When I think of a European, I think of someone who is cultured, educated, and family oriented with a strong sense of who they are and where they come from. They lead more balanced lives and just don't seem to be as uptight!

    These are just my personal opinions and experiences. Generalizations can be misleading because there are Europeans who are shallow and materialistic, and there are Americans who are not (I am one of them!)
    It will be interesting to see others' opinions.

  7. Ceit

    Ceit Well-Known Member

    If one were to listen to some European politians, being European apparently means being a capitalist white Christian. Fortunately, I think most people understand that nothing is that simple. It makes me wonder, though, how the European mindset will change in the near future, now that Europe is more a destination for immigrants than a source. Are Africans, Asians and Middle Easterners "real Europeans"? Are their children born in France, Spain or the UK "real Europeans"? Their grandchildren? There are plenty of culture clashes right now, but in the future (when things, hopefully, settle down) will people continue to think that skin color or religion necessarily prevent people from belonging to a particular country?
  8. Ceit

    Ceit Well-Known Member

  9. player1

    player1 Active Member

    You cant compare being European to being American because Europe is a continent, America a country...you're not comparing like with like! Europe has different languages, currencies, governnments...America has one language, currency, leader, (brain cell? :twisted: )

    Most people introduce themselves as coming from a certain country - i've yet to meet ANYONE who's described themselves as European...i mean, czechs, brits, germans, italians etc are all completely different and cannot be lumped into one group!

    Maybe this notion of being european is more useful to others outside of europe who dont know enough about our continent to differentiate, preferring to lazily group us all together...like we europeans tend to do with africans!
  10. wissy

    wissy Well-Known Member

    Totally agree with Player1. He has described my own views on the subject exactly.
  11. HampshireLad

    HampshireLad Active Member

    I think being both British and pro-Europe I can describe myself as truly European - that is, wanting to interact and trade with other European thinkers even though for me there are some language barriers (I only speak French and English) right now. Although the so-called "United" Kingdom isn't obviously attached to the main European land-mass I personally view Europe as a cohesive whole.

    Where I feel that I differ from Americans is that although the US is a large, essentially unified country, it is has no other countries adjacent to it that provide the same rich culturtal mix that Europe has, and the IMHO is the key. I know that there is Mexico, and South America, but to me they are too tightly integrated to be separate. Whereas if I travel from London to Paris on Eurostar, as soon as I disembark in Paris there is an immediate cultural difference.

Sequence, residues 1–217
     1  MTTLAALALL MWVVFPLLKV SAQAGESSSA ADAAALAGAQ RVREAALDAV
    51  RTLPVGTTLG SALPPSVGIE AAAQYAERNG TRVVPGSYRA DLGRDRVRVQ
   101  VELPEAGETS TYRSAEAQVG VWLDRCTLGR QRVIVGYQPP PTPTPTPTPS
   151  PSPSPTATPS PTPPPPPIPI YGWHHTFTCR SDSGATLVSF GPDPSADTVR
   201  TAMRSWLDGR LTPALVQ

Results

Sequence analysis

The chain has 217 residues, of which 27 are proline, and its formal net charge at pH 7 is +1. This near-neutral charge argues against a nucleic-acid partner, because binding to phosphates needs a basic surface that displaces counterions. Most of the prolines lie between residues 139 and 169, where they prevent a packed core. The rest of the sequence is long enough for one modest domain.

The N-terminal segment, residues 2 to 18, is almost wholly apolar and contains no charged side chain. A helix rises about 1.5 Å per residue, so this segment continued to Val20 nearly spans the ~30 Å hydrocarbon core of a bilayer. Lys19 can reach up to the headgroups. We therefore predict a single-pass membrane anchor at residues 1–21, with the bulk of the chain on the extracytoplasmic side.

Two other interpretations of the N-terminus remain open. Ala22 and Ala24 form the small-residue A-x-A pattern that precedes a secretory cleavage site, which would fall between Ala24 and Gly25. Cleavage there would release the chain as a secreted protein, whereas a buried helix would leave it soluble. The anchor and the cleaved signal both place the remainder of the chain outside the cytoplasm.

Just my 2cents worth :)
  12. player1

    player1 Active Member

    SO....Europe is a "cohesive whole"...but "as soon as I disembark in Paris there is an immediate cultural difference."

    What's your point? Is there a typical european identity, or all we all different people from different nations?

    "I know that there is Mexico, and South America,"

    Well, South America is actually a continent too - which Mexico is a part of - i direct you to my previous comment about giving labels to things we don't really know much about :roll:
  13. HampshireLad

    HampshireLad Active Member

    I suggest that if I was to travel across Europe, I believe that if you were to ask someone from each member state, they'd say that they were "European" even though they all have cultural differences. The European identity is perhaps an ideal or aim that we as Europeans strive to achieve - I certainly do - whether or not it exists right now is another matter ! In the UK it almost certaily doesn't.
  14. HampshireLad

    HampshireLad Active Member

    I suggest that if I was to travel across Europe, I believe that if you were to ask someone from each member state, they'd say that they were "European" even though they all have cultural differences. The European identity is perhaps an ideal or aim that we as Europeans strive to achieve - I certainly do - whether or not it exists right now is another matter ! In the UK it almost certainly doesn't.
  15. player1

    player1 Active Member

    Hmmmm, dont even know where to begin to disagree there...

    This is ONLY my experience, but as i said before, having travelled around europe a lot, i have NEVER met ANYONE who described themselves as european - if you have, fair enough.

    As for a european "identity" and/or "ideal", ive never heard anyone else in europe talk about this, so i'd be interested to hear exactly what that involves? Just so i know what i'm striving for...but Im hugely confused here - you say we're trying to achieve it, then say you don't know if "it" exists -so what is it? And how can i strive for it if it doesnt exist?
  16. Ceit

    Ceit Well-Known Member